No. 293.

Mr. Kasson to Mr. Bayard.

No. 223.]

Sir: I have heretofore communicated to the Department several statements of military cases of German-American citizens which presented hardships of such a nature as to prove the necessity of another effort to improve the provisions of the German-American naturalization treaty of 1868.

Herewith I now inclose the complaint of Ernst F. Heitmüller, which presents an instance of such grave injustice that it became my duty to request of the German Government some action beyond its ordinary course, and in special condemnation of the local officials who committed the wrong. The case is stated in my note to the foreign office, copy of [Page 407] which is herewith inclosed, together with an acknowledgment received from that office, and translation of the same.

The response of the foreign office may be delayed beyond my term of service; and the case may tend to influence such instructions on the general subject as you shall desire to give to my successor. I therefore forward it without awaiting the reply.

I have, &c.,

[Inclosure 1 in No. 223.]

Mr. Kasson to Dr. Busch.

The undersigned, envoy, &c., of the United States of America, begs the attention of Dr. Busch, under secretary of state, &c, in charge of the imperial foreign office, to the case of Ernst F. Heitmüller, and to the facts alleged by him to be true as hereinafter stated.

The said Heitmüller was born at Hüpede, Kreis Wennigsen, Hanover, on December 25, 1860, emigrated to the United States in January, 1878, and has since that time continuously resided in the United States. He was lawfully naturalized as a citizen of that country on the 10th of November, 1884, as appears by the original certificate herewith inclosed. He returned to Germany a few weeks since for a temporary visit, in order to collect a sum of money inherited by him, arriving at Hüpede on the 5th of December last. On the 9th of December he announced his presence to the Gemeinde Vorsteher, stating his purpose to remain about six months to collect the inheritance, and at the same time exhibiting his citizen paper, showing himself to be an American citizen. Two days later, on the 11th, a gendarme came to the house of his stepmother, where he was staying, and said he must arrest him and take him to Hanover, adding that if he had money he could go by rail, otherwise they would have to walk, a distance of some 9 miles. He inquired for what he was arrested. The gendarme replied, it was not yet certain he had arrested the right man.

On his arrival at Hanover he was taken to the jail (Zellmgefangniss), where a police official caused all his personal effects, money, citizen paper, and other papers to be taken from him. He called attention at the time to his American citizenship and to the paper proving it. The official made a note on a protocol or paper, and Heitmüller was then conducted to a cell.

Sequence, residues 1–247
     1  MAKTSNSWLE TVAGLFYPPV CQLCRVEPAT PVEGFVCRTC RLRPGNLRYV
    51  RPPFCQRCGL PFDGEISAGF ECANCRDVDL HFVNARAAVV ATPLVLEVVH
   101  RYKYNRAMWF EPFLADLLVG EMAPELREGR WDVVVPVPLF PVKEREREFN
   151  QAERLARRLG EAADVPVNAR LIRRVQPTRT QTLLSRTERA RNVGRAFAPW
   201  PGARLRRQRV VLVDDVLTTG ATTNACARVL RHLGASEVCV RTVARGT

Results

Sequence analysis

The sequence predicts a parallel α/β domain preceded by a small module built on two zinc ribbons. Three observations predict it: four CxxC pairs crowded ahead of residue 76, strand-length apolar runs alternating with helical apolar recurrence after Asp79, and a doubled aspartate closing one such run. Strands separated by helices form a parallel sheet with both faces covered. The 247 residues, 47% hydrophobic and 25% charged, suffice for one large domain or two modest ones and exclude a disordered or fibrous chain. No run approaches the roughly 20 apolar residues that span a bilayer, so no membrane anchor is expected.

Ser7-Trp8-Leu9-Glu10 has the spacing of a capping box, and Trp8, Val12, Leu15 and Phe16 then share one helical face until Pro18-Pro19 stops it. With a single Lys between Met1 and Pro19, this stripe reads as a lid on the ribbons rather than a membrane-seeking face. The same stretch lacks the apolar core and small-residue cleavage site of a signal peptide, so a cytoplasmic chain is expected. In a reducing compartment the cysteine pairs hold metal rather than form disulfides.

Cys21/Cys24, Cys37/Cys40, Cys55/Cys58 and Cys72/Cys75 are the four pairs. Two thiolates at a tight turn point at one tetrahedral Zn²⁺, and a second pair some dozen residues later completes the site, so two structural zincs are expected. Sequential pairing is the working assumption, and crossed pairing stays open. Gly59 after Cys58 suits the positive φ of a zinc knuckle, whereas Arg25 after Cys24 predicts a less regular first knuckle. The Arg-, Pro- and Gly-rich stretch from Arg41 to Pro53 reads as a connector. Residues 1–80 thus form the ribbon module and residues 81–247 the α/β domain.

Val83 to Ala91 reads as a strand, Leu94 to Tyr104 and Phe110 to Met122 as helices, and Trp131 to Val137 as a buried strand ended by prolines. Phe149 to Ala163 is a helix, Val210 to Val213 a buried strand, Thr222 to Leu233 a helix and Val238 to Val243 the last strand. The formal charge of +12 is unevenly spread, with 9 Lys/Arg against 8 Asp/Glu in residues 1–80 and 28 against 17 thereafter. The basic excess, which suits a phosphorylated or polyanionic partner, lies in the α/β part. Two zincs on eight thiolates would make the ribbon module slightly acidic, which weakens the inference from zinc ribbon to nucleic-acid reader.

On the next day, December 12, he was brought before another official, who said to him, “You are Frederich Heitmüller, and have been fined for evasion of military duty.” He replied, “My name is Ernst Heitmüller,” and then he was sent back to his cell. On the next day, 13th December, he was brought again before the official, who told him he had been fined 300 marks for evasion of military duty, which he must pay with costs. He answered that he had not the money with him, but would procure it if allowed three days’ time. He was answered this could not be done, but he should announce to the Gefängniss Vorstand that he wished to write a letter. He was taken back to his cell, and demanded of the jailer (Gefangenen-Aufseher) to obtain for him from the Vorstand permission to write a letter. The jailer put him off from day to day, and finally informed him that he could not write until he had passed a month at the prison.

His cousin meantime found out his place of confinement and visited him in prison on January 3. The facts were reported immediately to Heitmüller’s uncle, who on January 5, was permitted to pay the fine and obtain his release. In that payment an allowance at the rate of 5 marks per day during an imprisonment of 26 days was made, equal to 130 marks, and a balance of 240.54 marks was paid in money.

The undersigned has therefore the honor to request that the alleged facts may be investigated. If found to be correctly stated, he does not allow himself to doubt that his Imperial Majesty’s Government will appreciate the gravity of the offense committed by the local officers referred to against a peaceful American citizen, who gave them the proof of his citizenship, which exempted him from liability according to the treaty of 1868, and under the explicit orders of the minister of justice (July 5, 1868), and of the minister of the interior (July 6, 1868).

The offense appears to be aggravated by the unusual denial of the privilege of communicating by letter with either his relations or the officers” of his own Government, and by the unnecessary prolongation of his confinement. Under these circumstances, if verified, it is hoped that His Majesty’s Government will not find its sense [Page 408] of justice satisfied by the refunding of the fine; but will also find a method of signifying to the offending officials its sense of the unusual hardships inflicted upon the complainant without cause.

While requesting the eventual return of the inclosed certificate of naturalization, the undersigned takes, &c.

[Inclosure 2 in No. 223—Translation.]

Dr. Busch to Mr. Kasson.

The undersigned has the honor, replying to the esteemed note of the 29th ultimo, to inform Mr. John A. Kasson, envoy extraordinary and minister plenipotentiary of the United States of America, that measures have been instituted to cause a close investigation of the case of Ernst F. Heitmüller, of Hüpede, to be made by the appropriate authority.

While the undersigned reserves to himself to make a further communication, he avails, &c.